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Saturday, 17 February, 2001, 12:32 GMT
Ann Widdecombe: Home Affairs

Mark Mardell

A compact bundle of energy in a tartan twin-set, Ann Widdecombe tours TV and radio studios giving vent to instinctive Conservative ire on subjects dear to many Tory hearts: the increase in crime and the failure of justice.

The newspapers call her "Doris Karloff" and no male politician would have to put up with such abuse on the basis of their appearance alone.

But the image is reinforced by her strict beliefs, which can seem alien in a world that is relaxed about personal morality.

Difficult year

She is usually clever enough to use her caricature to project her politics.

Some would like to see her leader... Many Tory MPs would die in the ditch to stop that happening

But this last year she came badly unstuck partly through over-confidence.

Her religion is central to her being and her politics. For many years a devout High Anglican, in 1993 she became a Roman Catholic because of the Church of England's decision to ordain women priests.

Ann Widdecombe's strong religious beliefs are well-known
Ann Widdecombe's strong religious beliefs are well-known
She has never married but since her 88-year-old mother moved in with her she has acquired a television for the first time.

A further caricature damaged her as prisons minister. She was widely blamed for women prisoners giving birth in chains.

Most unfairly, as no such thing happened while she was at the Home Office and it was not her policy. But mud sticks and it added to a harsh image.

But it was also during this period that she grew to distrust Home Secretary Michael Howard.

In particular she was deeply upset by the way he handled the resignation of Derek Lewis, the head of the prison service.

She strode about the stage, without notes let alone a teleprompter, sounding tough and, as usual, the faithful swooned

During the battle for the Conservative leadership that followed Labour's election victory, she said Mr Howard had "something of the night" about him.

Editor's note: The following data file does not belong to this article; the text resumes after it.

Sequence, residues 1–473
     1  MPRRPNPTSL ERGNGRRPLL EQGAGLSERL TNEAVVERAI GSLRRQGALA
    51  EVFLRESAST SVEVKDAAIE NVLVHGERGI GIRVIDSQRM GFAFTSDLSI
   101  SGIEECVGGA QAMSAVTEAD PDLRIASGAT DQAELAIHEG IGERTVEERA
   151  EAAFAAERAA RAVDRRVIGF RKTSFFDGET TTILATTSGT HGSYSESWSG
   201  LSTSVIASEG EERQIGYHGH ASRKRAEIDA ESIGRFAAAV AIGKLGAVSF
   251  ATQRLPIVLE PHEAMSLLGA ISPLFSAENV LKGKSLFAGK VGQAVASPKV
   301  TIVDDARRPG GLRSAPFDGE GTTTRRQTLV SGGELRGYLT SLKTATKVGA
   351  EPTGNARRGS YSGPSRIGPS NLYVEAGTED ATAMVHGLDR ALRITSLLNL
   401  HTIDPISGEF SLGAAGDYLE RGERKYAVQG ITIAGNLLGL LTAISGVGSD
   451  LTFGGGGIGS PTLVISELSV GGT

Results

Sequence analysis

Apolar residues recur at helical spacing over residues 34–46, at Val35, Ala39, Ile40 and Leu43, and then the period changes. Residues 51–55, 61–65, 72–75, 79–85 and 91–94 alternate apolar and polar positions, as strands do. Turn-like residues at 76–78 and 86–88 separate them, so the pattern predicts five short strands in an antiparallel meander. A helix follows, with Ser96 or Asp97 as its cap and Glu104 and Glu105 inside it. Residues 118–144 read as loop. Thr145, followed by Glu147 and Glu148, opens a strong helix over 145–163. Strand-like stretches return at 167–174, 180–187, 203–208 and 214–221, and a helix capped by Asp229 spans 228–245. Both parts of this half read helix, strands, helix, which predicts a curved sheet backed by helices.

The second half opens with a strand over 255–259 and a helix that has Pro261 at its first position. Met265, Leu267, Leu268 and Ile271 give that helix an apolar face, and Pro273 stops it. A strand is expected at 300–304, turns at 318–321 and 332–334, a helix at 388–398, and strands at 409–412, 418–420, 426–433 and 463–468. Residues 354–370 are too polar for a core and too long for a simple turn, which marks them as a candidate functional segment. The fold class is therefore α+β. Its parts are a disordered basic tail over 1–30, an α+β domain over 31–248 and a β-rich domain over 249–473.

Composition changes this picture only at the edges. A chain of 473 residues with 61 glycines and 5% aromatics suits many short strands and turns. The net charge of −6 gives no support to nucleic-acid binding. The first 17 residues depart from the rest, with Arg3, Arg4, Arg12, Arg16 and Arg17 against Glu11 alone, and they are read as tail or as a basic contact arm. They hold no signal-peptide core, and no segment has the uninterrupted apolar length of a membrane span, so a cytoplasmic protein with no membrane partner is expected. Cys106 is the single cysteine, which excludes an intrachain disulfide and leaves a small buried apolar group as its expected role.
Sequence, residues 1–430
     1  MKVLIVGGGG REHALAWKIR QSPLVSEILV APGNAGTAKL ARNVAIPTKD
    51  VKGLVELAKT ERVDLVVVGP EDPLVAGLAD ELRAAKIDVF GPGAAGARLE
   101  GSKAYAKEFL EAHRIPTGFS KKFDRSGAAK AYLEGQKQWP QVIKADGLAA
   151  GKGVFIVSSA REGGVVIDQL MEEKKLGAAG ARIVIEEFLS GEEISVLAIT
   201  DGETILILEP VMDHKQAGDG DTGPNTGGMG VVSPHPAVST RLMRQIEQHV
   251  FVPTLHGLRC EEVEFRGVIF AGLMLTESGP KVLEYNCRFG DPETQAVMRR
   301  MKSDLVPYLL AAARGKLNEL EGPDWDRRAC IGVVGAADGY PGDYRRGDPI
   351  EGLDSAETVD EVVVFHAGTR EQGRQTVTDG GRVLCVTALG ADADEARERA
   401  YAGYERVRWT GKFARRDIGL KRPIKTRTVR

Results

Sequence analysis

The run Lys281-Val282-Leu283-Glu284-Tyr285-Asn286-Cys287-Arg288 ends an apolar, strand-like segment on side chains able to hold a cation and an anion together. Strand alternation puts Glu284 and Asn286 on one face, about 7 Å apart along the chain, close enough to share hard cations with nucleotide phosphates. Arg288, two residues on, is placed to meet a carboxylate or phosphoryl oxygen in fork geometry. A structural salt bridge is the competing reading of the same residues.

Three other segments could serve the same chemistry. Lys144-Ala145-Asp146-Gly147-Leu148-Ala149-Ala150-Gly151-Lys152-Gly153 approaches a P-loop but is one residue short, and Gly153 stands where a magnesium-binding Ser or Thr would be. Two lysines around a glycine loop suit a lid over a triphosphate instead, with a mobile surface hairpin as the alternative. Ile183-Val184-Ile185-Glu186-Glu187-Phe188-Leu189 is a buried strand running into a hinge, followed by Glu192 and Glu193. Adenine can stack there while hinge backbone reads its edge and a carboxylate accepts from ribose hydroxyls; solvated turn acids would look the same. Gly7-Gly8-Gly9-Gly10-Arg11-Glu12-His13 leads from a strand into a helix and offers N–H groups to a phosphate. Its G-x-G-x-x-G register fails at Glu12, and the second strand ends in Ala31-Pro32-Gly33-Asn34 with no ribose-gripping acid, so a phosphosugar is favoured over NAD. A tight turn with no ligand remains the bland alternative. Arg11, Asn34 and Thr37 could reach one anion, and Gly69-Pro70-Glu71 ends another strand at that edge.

She has been a largely effective shadow home secretary, attacking Jack Straw particularly on the question of police numbers. But her performance at last year's party conference nearly broke her.

The Conservative Party Conference 2000
The Conservative Party Conference 2000
Both Labour and Tory politicians have a record of using words loosely and hyping ill-thought-out proposals, particularly on the conference platform, but she was the one finally collared by the logic police.

As usual she strode about the stage, without notes let alone a teleprompter, sounding tough and, as usual, the faithful swooned.

Drugs speech backfires

Her policy of zero tolerance towards all drugs proposed fines of 100 for anyone found using or carrying even the smallest amounts of cannabis.

The Shadow Home Secretary's zero-tolerance policy on drugs backfired
The shadow home secretary's zero-tolerance policy on drugs backfired
The police denounced it. More liberal Conservatives denounced it. The media were incredulous.

She was bewildered and hurt by what she clearly regarded as her abandonment by colleagues.

She felt worse after the weekend when half the shadow cabinet admitted to smoking cannabis in their youth.

It looked like a concerted effort to undermine her and make her look out of touch.

Even if it was not quite that well planned, they were not disappointed that it had that effect.

Miss Widdecombe has a softer side. As befits her Christianity she has gone out of her way to show kindness to MPs who are in trouble and she is a firm believer not just in punishment but in rehabilitation.

Some would like to see her leader if there is ever a contest. Many Tory MPs would die in the ditch to stop that happening.



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